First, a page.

The Prime Minister unexpectedly announced yesterday – ahead of today's vote – that MPs should be banned from being paid lobbyists, in an attempt to head off the growing allegations of sleaze that have dogged his party in particular.
The Labour-led vote is in response to a series of damaging scandals in recent weeks that have revolved around MPs acting as lobbyists, with many having second jobs.
Much of the debate has been triggered by the controversy over former cabinet minister Owen Paterson.
He resigned as an MP earlier this month amid a furious row over the Government’s attempts to prevent him being suspended for breaking lobbying rules.
A motion drafted by Labour will be binding if it is passed later today. Announcing the move, on Monday, Labour leader Sir Keir Starmer said: “It should be a point of consensus that paid directorships and commercial consultancies are not jobs for MPs. The only people MPs should be lobbying for is their constituents.”
In a second motion, Labour will call for the publication of all the minutes of meetings between the Government and health firm Randox, one of the firms Paterson lobbied on behalf of. Randox has been given some £600m in COVID-19-related contracts to date.
Last night Boris Johnson called for a ban on MPs working as political lobbyists. In a letter to the Speaker of the House of Commons, Sir Lindsay Hoyle, he backed some key recommendations from a 2018 report by the Committee on Standards in Public Life.
These included preventing MPs from accepting paid work as a parliamentary strategist, adviser or consultant, and from accepting payment or offers of employment to act as a political consultant.
Responding to Johnson's move, Starmer said: “Be under no illusion, the Prime Minister has only done this because his back was against the wall because the Labour party have put down a binding vote for tomorrow.”
PR industry reaction
Responding to Labour’s motion to crack down on MPs having second jobs, Liam Herbert, chair of the PRCA Public Affairs Board, said: “The problem is when MPs act as lobbyists. We are clear that legislators cannot also be lobbyists, full stop; distinguishing between ‘consultant lobbyists’ and any other type completely misses the point.”
He welcomed Johnson’s support for a ban on MPs working as lobbyists, but noted: “These recommendations were made in 2018 and they must now be implemented.”
CIPR chief executive Alastair McCapra said: “The CIPR has long supported a ban on serving parliamentarians working as paid political consultants and would welcome a vote to enforce this in legislation.”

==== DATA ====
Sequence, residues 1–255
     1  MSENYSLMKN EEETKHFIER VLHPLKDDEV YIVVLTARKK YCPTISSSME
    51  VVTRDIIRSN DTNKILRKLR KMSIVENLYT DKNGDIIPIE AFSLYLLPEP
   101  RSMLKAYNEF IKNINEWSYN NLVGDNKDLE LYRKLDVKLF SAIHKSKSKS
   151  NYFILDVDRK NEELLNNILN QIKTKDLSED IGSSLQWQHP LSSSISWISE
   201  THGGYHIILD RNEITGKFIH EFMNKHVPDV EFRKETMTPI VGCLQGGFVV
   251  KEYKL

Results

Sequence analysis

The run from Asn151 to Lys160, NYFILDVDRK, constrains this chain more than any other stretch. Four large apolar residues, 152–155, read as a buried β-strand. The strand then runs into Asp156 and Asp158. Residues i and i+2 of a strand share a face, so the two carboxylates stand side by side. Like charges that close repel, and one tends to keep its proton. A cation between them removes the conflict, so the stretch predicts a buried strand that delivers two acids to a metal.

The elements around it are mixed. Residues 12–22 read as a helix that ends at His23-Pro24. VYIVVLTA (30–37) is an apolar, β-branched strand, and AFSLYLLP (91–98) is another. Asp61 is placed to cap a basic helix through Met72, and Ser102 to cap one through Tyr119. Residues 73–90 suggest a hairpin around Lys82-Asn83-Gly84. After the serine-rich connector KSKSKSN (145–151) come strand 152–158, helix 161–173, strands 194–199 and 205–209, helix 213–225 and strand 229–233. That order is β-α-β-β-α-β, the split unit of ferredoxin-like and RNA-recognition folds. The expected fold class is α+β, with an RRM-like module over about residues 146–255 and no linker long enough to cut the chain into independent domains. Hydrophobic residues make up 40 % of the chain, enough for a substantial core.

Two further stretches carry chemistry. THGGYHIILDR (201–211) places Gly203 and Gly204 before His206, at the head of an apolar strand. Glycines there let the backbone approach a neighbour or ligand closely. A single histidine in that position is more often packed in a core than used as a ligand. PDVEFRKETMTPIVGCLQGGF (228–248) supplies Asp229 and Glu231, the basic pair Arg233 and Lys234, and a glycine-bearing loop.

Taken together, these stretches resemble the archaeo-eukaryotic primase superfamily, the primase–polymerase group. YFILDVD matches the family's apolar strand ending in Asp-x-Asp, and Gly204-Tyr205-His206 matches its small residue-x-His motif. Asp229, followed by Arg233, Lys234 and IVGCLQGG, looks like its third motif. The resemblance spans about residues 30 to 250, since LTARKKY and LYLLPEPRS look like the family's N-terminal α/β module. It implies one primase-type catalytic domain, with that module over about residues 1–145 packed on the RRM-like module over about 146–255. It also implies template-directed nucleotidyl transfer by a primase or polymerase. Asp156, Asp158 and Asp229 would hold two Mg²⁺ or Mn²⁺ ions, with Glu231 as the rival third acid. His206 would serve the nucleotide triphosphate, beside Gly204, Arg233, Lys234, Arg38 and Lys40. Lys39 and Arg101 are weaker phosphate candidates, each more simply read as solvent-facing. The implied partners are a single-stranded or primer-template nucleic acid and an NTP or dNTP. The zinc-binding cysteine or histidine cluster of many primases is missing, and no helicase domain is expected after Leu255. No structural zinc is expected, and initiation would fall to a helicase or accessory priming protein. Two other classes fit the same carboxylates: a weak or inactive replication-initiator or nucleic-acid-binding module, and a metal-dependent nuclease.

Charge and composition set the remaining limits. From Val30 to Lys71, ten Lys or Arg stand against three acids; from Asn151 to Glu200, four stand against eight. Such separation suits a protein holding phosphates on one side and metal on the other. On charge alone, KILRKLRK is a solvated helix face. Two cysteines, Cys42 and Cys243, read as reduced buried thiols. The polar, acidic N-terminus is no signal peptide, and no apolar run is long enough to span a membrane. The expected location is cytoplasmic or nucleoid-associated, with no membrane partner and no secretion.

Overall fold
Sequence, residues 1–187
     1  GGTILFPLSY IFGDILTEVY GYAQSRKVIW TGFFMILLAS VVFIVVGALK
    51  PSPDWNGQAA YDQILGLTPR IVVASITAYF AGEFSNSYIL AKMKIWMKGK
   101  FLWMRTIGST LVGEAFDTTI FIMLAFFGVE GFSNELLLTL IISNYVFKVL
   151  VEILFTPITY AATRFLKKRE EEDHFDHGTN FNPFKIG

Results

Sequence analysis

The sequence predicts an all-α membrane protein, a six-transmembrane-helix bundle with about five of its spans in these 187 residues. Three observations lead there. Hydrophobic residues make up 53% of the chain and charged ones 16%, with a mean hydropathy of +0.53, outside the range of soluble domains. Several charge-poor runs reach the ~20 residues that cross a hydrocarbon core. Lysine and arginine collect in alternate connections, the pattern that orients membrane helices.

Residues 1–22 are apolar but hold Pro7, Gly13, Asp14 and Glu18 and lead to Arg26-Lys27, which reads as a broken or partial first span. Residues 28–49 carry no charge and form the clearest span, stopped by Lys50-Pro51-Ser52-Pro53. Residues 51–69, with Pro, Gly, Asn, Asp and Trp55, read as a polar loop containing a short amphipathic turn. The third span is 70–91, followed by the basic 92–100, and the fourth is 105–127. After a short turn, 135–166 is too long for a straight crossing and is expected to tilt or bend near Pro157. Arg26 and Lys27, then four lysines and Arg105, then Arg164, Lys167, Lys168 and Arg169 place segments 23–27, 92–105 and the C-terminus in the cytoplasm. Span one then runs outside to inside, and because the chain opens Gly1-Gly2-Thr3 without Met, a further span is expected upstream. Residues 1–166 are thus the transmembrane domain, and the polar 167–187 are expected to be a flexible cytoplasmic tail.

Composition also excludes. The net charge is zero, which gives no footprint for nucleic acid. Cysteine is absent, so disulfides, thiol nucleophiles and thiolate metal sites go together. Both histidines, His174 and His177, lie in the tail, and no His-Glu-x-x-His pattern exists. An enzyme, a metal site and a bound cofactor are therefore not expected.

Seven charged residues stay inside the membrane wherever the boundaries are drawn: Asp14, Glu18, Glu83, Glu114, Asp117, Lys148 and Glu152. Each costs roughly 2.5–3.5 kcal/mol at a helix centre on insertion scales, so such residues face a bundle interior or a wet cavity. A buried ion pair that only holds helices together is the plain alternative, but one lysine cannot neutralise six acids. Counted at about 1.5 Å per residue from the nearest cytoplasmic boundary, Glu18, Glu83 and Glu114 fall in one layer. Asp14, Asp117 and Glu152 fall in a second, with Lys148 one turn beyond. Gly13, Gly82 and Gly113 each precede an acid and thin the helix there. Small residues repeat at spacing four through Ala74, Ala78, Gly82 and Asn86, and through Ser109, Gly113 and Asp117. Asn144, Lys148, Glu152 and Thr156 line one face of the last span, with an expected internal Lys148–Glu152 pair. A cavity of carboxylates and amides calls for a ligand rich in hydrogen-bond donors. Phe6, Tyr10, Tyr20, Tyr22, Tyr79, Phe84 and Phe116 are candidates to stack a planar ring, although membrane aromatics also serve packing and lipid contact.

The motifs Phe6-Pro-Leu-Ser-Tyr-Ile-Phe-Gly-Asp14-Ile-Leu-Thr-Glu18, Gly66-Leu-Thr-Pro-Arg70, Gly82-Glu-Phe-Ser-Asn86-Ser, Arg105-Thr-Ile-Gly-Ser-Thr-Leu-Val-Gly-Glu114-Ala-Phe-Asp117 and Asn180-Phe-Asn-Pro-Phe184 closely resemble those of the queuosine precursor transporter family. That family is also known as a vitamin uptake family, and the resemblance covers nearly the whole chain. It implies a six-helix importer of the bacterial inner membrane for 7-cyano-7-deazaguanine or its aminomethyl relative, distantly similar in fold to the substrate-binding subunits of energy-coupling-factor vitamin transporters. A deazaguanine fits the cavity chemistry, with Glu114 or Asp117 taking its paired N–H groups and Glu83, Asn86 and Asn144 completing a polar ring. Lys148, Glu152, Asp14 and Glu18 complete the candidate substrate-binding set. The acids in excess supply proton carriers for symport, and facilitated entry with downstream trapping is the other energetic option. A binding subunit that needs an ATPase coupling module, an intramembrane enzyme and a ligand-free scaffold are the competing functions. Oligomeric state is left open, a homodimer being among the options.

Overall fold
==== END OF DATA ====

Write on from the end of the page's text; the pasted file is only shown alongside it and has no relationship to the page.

He added: “Indeed we would support extending this to the House of Lords and those who have recently left ministerial offices. It does little to enrich the value and experience that some second jobs can bring into Parliament and raises legitimate questions about conflicts of interest that only damage the public reputation and trust of and in our political institutions."
Industry disquiet over parliamentarians carrying out lobbying activities extends to the House of Lords.
Earlier this year, the PRCA criticised the appointment of the Deputy Speaker of the House of Lords by Charlotte Street Partners as a consulting partner and urged the agency to reconsider. The agency said the appointment had been cleared by the Government’s Advisory Committee on Business Appointments.
And last autumn, the House of Lords’ Commissioner for Standards rejected a complaint by the PRCA against Lord Feldman, managing partner at Tulchan. The complaint alleged that Feldman had failed to uphold ethical standards because of a “conflict of interest” between the former Conservative chairman's role as an unpaid adviser to the Government and his work for the agency.
Today’s vote is “only the start of what we need to do”, Starmer said yesterday. He revealed how a future Labour government would “ban all second jobs” and “stop the revolving door” between the public and private sectors.
Ministers would be banned from lobbying the government for five years after leaving office. There would also be “strict rules” on donations from shell companies, the creation of a new “office for value for money” to reform the way government funds are spent, and a new independent “integrity and ethics commission”.
Click here to subscribe to the new, FREE public affairs bulletin to receive dedicated public affairs news, features and comment straight to your inbox.
Make sure you register for the site to access more than one story per month.
To submit a news, comment, case study or analysis idea for the public affairs bulletin, email Ian.Griggs@haymarket.com